Battery pack for Resmed Airsense 10 (1 Viewer)

banton

Free Member
Feb 8, 2023
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Don't own one yet
Hi, I'm researching battery packs for the Resmed Airsense 10, I've narrowed it down to the Powapack Atom, EASYLONGER Portable Power Station 266Wh/72000mAh and the ECOFLOW Portable Power Station RIVER 2. I would be wanting to get the most out of it by running it on DC power using the ResMed DC/DC Converter for AirSense. Has anyone used these battery packs for a cpap machine? Any advice welcome-are there any other battery packs I should be looking at?
 
Jan 11, 2018
1,180
1,384
Malvern Link, Malvern, UK
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51,943
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Chausson Welcome 85
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Since 2018
My other half had a Respireonics CPAP machine.
We run it directly off the have battery in the motorhome.
Had to buy a special lead.
The lead goes from a std power (or. Cigarette lighter) socket to a male plug for the machine.
12v machine power requirement.
It needs relatively little current and runs fine.
 
May 7, 2016
7,356
11,908
West Sussex
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42,951
MH
Malibu Van 640 LE K
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Since 2003
Hi, I'm researching battery packs for the Resmed Airsense 10, I've narrowed it down to the Powapack Atom, EASYLONGER Portable Power Station 266Wh/72000mAh and the ECOFLOW Portable Power Station RIVER 2. I would be wanting to get the most out of it by running it on DC power using the ResMed DC/DC Converter for AirSense. Has anyone used these battery packs for a cpap machine? Any advice welcome-are there any other battery packs I should be looking at?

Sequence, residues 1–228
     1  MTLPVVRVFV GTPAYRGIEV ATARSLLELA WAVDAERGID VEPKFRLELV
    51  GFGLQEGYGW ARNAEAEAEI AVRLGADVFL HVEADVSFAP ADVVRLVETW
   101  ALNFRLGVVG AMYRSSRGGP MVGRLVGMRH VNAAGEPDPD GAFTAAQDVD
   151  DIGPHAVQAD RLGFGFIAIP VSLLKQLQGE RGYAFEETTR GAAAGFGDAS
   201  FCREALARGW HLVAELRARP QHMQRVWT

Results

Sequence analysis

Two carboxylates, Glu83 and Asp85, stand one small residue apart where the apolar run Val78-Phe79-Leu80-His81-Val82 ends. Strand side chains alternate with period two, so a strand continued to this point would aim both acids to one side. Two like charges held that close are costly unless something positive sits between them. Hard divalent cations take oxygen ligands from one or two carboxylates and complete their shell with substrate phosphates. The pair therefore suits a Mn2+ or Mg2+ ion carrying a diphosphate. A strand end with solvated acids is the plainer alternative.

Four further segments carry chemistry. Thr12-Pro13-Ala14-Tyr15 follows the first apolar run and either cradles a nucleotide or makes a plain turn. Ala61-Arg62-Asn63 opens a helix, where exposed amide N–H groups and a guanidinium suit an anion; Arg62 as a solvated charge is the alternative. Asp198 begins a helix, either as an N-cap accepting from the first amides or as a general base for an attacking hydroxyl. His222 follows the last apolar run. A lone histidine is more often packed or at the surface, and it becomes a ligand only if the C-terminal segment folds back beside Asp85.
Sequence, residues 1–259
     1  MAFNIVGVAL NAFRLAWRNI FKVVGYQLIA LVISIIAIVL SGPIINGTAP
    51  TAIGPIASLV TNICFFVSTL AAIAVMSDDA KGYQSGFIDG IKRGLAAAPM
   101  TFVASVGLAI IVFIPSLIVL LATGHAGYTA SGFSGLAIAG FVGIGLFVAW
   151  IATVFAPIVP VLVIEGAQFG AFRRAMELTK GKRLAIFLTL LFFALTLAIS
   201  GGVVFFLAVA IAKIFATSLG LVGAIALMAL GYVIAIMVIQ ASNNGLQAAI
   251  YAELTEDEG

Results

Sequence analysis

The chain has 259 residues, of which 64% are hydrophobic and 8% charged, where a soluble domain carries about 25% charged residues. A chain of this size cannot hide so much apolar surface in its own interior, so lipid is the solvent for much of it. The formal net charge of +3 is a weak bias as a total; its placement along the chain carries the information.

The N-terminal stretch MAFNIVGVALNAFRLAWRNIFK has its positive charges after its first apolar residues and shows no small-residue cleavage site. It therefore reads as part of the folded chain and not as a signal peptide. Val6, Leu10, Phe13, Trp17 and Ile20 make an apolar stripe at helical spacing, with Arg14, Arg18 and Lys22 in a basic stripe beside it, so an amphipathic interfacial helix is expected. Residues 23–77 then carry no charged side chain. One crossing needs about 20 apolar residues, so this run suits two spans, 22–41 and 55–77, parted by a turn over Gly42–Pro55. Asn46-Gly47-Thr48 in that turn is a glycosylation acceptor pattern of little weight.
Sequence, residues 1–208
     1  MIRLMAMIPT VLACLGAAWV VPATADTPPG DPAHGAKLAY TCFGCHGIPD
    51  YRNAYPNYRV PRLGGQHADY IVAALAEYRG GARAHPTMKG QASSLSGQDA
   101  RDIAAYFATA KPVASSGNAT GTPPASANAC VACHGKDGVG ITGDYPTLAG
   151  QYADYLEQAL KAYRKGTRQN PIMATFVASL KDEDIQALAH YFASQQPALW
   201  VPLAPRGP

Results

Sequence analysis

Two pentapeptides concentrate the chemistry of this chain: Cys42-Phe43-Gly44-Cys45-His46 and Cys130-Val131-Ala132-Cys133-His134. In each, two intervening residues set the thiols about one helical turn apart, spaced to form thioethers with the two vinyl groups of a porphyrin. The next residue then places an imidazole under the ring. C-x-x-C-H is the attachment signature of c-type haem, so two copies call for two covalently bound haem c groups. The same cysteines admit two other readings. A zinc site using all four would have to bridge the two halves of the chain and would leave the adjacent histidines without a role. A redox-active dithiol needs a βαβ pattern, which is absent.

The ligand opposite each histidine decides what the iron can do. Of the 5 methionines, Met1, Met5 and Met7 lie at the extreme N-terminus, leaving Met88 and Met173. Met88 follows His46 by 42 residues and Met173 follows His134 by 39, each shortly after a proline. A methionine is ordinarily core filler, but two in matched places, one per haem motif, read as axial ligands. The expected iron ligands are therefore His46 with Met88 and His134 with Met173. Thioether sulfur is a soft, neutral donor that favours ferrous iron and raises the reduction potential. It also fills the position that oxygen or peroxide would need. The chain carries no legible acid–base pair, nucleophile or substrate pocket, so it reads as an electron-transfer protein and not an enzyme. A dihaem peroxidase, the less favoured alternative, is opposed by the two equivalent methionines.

I have run my Airsense 10 from my Bluetti EB70 during 3 power cuts using the inverted mains outlet. It worked very well. Not sure you will save much power by using the 12V DC/DC converter as it will still go through 2 voltage changing devices before it reaches your CPAP. The batteries in your “Power Station” will not be 12V to start with so there is DC/DC converter within the station to reduce the voltage to 12V and the Resmed DC/DC will then convert it up to the 24V the CPAP needs. I would be inclined to save the cost of the Resmed DC/DC and use the supplied mains pack.
 
Last edited:
May 7, 2016
7,356
11,908
West Sussex
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42,951
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Malibu Van 640 LE K
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Since 2003
I don’t know much about the Atom but the latest Ecoflow River ones have a LiFePO4 battery which is a definite plus point. They also have a very nifty way of switching automatically from mains power to inverter power in the case of a power cut. Another big plus point for a CPAP user because it will avoid that uncomfortable unexpected shut down in the middle of the night.
 
Apr 27, 2016
6,931
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Manchester
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I don't have any experience with these medical devices, but looking at the spec it says typical power usage is 53W and max power usage is 104W. So the theoretical maximum time you could run one from a 266Wh battery is 266 / 53 = 5 hours. With all the conversion inefficiencies I would expect you won't get much more than 4 hours out of a 266Wh battery. The three power packs in your list are all similar in size.

Maybe you've already worked this out, but if you haven't it's an important factor. The Bluetti EB70 that Pausim mentioned has a 716Wh battery, well over twice the size, and I would expect will easily last all night, ie over 8 hours.

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Neckender

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Oct 15, 2007
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I’ve run my CPAP machine off my Jackery 1000 explorer on camping weekends no problems and I have 200 watt of portable solar to recharge it up.

John.
 
Mar 30, 2022
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Banbury, Oxfordshire, UK
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My OH has a ResMed AirSense 10 which we run off the hab battery via a converter (bought from Amazon) to turn the 12 volts available into the 24 volts the machine needs, solar on the roof of the van normally has the hab battery back up to 100% by lunchtime. Saves carrying any additional battery devices. We tend to spend a lot of time off-grid and I needed a solution that would work, this has so far proved to be effective.